“Marriage is so unlike anything else,” writes George Eliot in Middlemarch. “There is something even awful in the nearness it brings.” By the time that novel was published in 1871, Eliot, born Mary Ann Evans, was 17 years into her partnership with George Lewes, himself an author and member of the mid-19th-century intelligentsia. Lewes was already married when he met Eliot but had long been estranged from his wife, who by that time had given birth to multiple children with another man. Eliot and Lewes determined to form their own sort of marriage despite being unable to marry legally; they even set off on a honeymoon to Germany. That excursion led to a lifelong union that became the complicated scandal of Eliot’s life, making her “unfit” for drawing room visits and causing her family to shun her, even as she penned wildly successful novels.
It’s impressive how King’s College London professor Clare Carlisle (Philosopher of the Heart) finds her way inside this deeply intimate partnership in The Marriage Question: George Eliot’s Double Life. Though Lewes was more exuberant and extroverted, Eliot guarded her private life closely. She had a deep desire for acceptance and love, which possibly led her to gloss over uncomfortable problems in her partnership with Lewes. On the one hand, Lewes was Eliot’s first cheerleader, encouraging her through her professional endeavors and proudly promoting her work in the literary sphere. On the other hand, Lewes could be difficult in ways that were typical for a Victorian husband. For example, the immense earnings from Eliot’s work were deposited into Lewes’ bank account, and he availed himself of them freely. He could also sometimes be controlling, according to Carlisle’s narrative, basking a little too much in Eliot’s reflected glory.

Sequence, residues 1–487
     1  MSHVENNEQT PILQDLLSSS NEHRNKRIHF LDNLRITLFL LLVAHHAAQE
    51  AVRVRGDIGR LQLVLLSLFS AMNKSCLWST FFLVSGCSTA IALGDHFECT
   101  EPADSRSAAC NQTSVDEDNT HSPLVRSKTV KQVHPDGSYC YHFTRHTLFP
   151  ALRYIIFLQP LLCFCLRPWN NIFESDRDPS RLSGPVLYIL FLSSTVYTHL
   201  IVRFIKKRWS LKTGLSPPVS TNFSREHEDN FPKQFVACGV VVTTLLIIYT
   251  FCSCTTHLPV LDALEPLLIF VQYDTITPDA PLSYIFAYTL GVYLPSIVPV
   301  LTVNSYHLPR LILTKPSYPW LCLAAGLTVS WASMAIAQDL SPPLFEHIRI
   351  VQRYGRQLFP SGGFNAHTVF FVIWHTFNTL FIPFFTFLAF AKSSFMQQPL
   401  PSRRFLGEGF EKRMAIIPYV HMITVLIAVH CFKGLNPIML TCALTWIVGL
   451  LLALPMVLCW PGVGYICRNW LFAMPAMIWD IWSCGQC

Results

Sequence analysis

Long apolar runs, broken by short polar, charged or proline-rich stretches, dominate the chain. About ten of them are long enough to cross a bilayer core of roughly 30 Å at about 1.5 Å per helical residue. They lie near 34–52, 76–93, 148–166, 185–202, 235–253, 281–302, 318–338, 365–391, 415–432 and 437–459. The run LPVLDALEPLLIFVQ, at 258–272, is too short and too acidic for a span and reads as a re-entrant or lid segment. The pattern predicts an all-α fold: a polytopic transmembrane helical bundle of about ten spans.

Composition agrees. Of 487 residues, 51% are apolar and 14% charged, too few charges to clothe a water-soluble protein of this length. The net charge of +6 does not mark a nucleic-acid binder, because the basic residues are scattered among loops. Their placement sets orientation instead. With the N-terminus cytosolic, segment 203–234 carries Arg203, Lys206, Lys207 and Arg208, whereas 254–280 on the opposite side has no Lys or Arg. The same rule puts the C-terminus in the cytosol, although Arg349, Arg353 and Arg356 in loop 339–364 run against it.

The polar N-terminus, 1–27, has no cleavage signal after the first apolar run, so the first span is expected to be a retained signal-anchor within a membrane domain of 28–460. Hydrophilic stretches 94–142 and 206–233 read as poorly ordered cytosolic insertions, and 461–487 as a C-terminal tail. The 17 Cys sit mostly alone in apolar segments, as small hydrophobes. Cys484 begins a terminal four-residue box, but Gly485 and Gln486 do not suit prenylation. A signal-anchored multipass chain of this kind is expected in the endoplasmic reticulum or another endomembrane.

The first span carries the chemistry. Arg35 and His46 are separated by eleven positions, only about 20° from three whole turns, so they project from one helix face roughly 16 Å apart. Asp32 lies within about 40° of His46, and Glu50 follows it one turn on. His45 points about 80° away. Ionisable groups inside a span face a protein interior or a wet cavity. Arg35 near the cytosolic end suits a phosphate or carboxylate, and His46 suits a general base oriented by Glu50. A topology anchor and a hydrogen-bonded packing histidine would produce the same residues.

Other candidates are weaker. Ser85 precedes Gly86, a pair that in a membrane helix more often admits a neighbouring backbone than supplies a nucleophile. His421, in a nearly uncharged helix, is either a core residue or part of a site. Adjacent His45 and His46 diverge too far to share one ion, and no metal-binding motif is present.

Wielding a combination of biography and thoughtful analysis of Eliot’s novels and verse, Carlisle examines what marriage has been historically and what it is today, noting that it is as sticky and complex as ever. In many ways, Eliot’s relationship was thoroughly modern: an unsanctified union with a female breadwinner who struggled to balance the demands of parenting with the time and space she needed to work. Carlisle demonstrates that Eliot’s thoughts on marriage were reflected in her work as she picked through romantic joys and frustrations, ruminating over the what-could-have-beens that haunt every long partnership.
There are no neat answers to Eliot’s marriage questions—“whether to marry, whom to marry, how to live in a marriage, whether to remain married,” as Carlisle summarizes it. Instead, The Marriage Question is a deep examination of long partnership—how it affects us, how it is negotiated—through Eliot’s deliciously thoughtful prose and reflective journal entries. Carlisle has written a book that seems to tell us a story about others but instead deeply informs us about ourselves.